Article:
Review: Chris Walla, 'Tape Loops' After 17 years in Death Cab For Cutie, Walla has a solo album full of ambient, hand-crafted, subtly enveloping instrumental music.


Review: Chris Walla, 'Tape Loops'

Note: NPR's audio for First Listens comes down after the album is released. However, you can still listen with the Spotify playlist at the bottom of the page.

Cover art for Tape Loops.
Courtesy of the artist

Chris Walla spent 17 years as a songwriter, guitarist and producer for Death Cab For Cutie, and Tape Loops is his first solo album since leaving the band in 2014. But if you're inclined to resist a solo record by "the other guy" from Death Cab, know that Tape Loops couldn't be farther from the sound of his old band. His intentions for this project were sketched out in a post he'd written for Seattle's The Stranger last fall: "I long for the unknown. It might be that simple."

Rather than create a variation on Death Cab's sound, Walla crafts an ambient record that sonically approximates the cover of Death Cab's 2008 album Narrow Stairs: It takes familiar things, cuts them up and gently rearranges them to form an abstract expression. True to his statement, there's something unknown and simple about Walla's Tape Loops. With five pieces spanning just shy of 40 minutes, Tape Loops lives up to its title, as Walla creates the album using piano and electric keyboard that have been recorded to reels of magnetic tape, as well as cutting block and razor blades. It's a practice common to previous generations of producers, in recordings by everyone from The Beatles to Fripp and Eno to Can.

But there's something decidedly reactive about Walla's methods in 2015, when one can simply sample and loop with a touch of a button rather than sweat for minutes or hours to make sure the slice is just right, and where "measure twice, cut once" becomes vitally important. "Kanta's Theme" is six-plus minutes of bass tones that pull like an undercurrent and a plangent piano that sounds like the melodic line from Feist's "I Feel It All" slowed to a spa soundtrack. "I Believe In The Night" is the album's most subtle and lyrical piece, but also its most concise, with a warm, luminous drone that follows a winding organ line.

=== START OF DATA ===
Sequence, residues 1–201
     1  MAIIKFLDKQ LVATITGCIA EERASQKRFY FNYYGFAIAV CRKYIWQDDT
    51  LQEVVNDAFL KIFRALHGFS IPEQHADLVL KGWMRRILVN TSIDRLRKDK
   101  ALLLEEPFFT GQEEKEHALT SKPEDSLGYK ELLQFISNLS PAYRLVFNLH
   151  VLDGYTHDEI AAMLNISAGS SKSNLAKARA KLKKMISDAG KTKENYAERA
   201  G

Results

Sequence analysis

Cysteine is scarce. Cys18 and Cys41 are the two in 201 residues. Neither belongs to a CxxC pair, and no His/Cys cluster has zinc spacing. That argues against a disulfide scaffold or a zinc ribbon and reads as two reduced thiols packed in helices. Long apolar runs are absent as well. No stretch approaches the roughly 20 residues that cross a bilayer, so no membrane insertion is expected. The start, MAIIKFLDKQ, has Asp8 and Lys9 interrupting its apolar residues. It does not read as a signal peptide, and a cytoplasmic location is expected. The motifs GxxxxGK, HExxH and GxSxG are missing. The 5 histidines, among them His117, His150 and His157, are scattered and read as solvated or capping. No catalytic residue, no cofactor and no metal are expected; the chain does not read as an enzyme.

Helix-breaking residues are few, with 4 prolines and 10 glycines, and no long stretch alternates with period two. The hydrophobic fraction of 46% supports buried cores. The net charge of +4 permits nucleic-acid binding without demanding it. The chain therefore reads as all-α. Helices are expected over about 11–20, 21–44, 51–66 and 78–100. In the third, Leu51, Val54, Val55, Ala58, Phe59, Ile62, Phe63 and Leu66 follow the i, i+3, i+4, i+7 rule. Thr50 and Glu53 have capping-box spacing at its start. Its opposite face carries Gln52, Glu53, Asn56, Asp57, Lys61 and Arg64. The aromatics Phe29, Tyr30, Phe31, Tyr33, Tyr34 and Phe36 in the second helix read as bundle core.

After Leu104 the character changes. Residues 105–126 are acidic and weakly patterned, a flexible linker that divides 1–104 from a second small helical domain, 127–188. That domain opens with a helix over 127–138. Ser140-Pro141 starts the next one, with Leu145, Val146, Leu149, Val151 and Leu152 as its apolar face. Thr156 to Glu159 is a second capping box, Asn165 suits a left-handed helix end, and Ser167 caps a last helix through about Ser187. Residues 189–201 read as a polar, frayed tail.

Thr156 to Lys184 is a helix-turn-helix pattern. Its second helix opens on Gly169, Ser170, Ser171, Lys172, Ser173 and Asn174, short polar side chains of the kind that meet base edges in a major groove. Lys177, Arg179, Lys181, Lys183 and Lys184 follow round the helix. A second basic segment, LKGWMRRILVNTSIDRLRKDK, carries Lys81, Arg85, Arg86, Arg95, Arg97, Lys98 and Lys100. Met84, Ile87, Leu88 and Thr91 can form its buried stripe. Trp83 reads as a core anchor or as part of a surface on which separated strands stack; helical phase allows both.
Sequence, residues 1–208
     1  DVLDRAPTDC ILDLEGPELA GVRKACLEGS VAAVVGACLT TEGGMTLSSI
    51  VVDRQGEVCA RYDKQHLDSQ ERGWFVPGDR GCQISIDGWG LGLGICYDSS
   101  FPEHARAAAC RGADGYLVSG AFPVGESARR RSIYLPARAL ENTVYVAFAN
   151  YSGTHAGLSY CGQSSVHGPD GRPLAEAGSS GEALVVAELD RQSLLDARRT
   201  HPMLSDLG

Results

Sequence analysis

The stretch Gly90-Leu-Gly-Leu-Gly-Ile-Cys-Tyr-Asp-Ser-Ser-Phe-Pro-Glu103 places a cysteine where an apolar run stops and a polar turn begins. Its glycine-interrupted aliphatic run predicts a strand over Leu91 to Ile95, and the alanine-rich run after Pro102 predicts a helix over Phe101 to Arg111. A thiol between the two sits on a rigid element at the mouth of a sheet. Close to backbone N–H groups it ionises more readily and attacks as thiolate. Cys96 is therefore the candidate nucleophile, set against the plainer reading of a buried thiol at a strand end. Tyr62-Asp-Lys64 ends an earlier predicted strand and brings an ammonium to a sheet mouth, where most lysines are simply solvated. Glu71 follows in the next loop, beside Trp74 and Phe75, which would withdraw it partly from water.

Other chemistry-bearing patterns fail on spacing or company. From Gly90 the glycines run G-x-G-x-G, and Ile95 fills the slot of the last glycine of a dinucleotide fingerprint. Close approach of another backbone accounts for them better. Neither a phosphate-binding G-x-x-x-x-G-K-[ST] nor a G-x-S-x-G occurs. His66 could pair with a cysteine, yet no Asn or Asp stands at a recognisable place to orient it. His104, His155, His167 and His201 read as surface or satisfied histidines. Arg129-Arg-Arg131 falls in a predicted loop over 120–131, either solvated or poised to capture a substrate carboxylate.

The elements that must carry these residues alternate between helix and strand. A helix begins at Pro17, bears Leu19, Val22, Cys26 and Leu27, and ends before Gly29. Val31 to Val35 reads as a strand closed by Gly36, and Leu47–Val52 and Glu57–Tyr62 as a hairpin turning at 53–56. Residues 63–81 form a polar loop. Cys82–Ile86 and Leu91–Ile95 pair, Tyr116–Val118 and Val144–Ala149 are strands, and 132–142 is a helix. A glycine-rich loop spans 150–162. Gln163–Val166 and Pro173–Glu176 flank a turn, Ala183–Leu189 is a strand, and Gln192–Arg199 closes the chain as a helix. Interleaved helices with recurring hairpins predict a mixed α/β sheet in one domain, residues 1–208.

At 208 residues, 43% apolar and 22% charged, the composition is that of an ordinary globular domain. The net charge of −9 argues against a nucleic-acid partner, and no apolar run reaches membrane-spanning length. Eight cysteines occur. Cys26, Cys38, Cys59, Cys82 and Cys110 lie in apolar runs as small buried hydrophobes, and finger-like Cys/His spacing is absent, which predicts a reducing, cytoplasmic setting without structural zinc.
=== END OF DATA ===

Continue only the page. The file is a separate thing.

Naturally, the notion of linear time becomes suspended on Tape Loops. "Introductions," contrary to its title, is the album's second entry, while "Goodbye" is its penultimate track. In the former, a slowly descending piano line moves with almost imperceptible buzzes and oscillations that arise as the notes decay. Just when it seems to fall into silence, the looped piano line resurrects the contemplative piece. "Goodbye," at more than 11 minutes, moves with the slow elegance of Brian Eno's Music For Airports. Motifs enter and depart, only to return again, seemingly unnoticeable. But let Tape Loops play a few times and it shifts subtly from wallpaper music to something that sounds like every note is nonchalantly placed with great care and purpose.